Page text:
In the fall of 1939, Noble Drilling rigged up its first submersible barge for the California Company near DeRidder, Louisiana. In the mid -'40s, the Company experimented with directional drilling to control a hazardous well blowout. Noble Drilling had 40 active rigs during the war years, and when the conflict ended in 1945, actively increased.

In 1945, Standard Oil Company of New Jersey contracted with Noble Drilling for a novel undertaking to drill a well on Cape Hatteras Island off the coast of North Carolina, using what was believed to be the largest drilling barge in the world at that time. The well, located in the shadow of the famous Cape Hatteras Lighthouse, attracted much attention on the Atlantic coast.

After the war, Noble bought three surplus landing ship tanks (LSTs) from the U.S. Navy and converted them to service barges. "We loaded them up with enough supplies for six months -- mud, cement, pipe," says Johnnie Hoffman, retired Vice President and General Manager of the Gulf Coast Division. "You worked 12 hours on a rig and then tried to rest 12 hours on that rolling LST in the rough Gulf waters. It could get miserable at times."

Hurricanes also wreaked havoc for Gulf Coast drillers. Hoffman was a roughneck on a derrick barge in Grand Isle in September 1948 when he experienced his first hurricane. "We got caught out there for two days and ended up across the Gulf in Galveston Bay. The winds swept the barge clean. We tied ourselves together with rope to the A-frame hoist on the barge to a 12xl2-foot sill laying on the deck. But it finally calmed down and we were picked up by plane."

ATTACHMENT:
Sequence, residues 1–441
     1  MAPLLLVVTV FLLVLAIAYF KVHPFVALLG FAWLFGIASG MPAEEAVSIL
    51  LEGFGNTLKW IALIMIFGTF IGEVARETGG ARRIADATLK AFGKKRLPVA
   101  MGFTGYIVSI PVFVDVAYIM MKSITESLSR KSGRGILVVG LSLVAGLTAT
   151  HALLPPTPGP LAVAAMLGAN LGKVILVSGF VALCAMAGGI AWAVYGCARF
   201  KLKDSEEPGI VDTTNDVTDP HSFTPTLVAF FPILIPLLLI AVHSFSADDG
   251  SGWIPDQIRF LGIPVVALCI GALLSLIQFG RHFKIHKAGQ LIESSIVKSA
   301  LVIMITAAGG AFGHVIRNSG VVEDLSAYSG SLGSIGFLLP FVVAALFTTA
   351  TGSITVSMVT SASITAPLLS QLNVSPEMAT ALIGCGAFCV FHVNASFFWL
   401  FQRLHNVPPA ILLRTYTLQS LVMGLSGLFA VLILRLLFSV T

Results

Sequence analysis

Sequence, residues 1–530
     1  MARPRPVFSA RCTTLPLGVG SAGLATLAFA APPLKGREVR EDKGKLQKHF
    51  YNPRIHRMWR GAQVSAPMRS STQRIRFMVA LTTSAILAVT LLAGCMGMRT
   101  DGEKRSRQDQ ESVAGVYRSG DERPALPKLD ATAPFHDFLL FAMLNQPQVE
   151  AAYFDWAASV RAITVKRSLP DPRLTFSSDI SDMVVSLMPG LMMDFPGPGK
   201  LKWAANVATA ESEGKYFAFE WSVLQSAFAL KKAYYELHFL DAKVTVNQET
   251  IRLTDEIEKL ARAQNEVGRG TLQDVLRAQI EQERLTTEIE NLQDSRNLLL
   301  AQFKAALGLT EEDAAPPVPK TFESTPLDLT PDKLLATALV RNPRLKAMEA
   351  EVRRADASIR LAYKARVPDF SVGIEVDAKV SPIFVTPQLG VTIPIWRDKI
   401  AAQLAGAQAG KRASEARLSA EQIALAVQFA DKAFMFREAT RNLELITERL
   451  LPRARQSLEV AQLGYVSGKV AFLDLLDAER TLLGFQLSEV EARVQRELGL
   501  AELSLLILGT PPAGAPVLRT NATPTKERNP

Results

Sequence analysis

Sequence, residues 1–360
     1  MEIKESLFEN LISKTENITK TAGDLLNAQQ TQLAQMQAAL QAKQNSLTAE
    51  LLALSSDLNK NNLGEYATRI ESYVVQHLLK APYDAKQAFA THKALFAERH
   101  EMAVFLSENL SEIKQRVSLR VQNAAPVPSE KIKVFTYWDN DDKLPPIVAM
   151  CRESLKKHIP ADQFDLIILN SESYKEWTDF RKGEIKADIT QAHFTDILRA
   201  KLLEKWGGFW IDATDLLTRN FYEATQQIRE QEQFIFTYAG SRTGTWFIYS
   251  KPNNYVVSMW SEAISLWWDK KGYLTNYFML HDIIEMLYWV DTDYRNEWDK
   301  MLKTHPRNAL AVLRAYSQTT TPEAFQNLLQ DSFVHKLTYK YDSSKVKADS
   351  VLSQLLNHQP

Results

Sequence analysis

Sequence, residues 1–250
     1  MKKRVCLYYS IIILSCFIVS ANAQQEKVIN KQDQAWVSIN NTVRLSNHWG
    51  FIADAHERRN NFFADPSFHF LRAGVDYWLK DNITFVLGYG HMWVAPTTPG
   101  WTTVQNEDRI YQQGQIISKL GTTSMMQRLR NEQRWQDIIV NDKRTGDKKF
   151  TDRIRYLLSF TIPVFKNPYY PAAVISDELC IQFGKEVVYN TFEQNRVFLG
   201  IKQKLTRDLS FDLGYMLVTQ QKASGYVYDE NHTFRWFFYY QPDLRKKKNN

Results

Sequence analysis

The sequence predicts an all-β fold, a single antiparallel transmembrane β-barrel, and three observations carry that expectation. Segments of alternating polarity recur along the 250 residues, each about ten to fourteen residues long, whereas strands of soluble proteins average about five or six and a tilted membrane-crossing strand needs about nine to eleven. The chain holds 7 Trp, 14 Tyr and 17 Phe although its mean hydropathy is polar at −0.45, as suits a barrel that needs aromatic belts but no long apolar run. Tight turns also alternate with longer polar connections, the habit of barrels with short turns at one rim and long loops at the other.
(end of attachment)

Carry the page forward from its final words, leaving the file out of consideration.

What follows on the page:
1949 - 1969 Tragedy struck the Company in 1950 when Lloyd Noble died of a heart attack in Houston. The reins of Noble's oil and gas company shifted to his son Sam Noble, a 25-year-old graduate of the University of Oklahoma and Dartmouth. Cecil Forbes, who was the current President of Noble Drilling, kept the operations focused during the transition period, along with retired Vice President

Lloyd Noble left the bulk of his estate to the Samuel Roberts Noble Foundation, created in memory of his father. Initially, its primary purpose was to assist farmers and ranchers with the use and preservation of their land. Today, it has contributed in excess of $145 million to worthwhile causes around the world.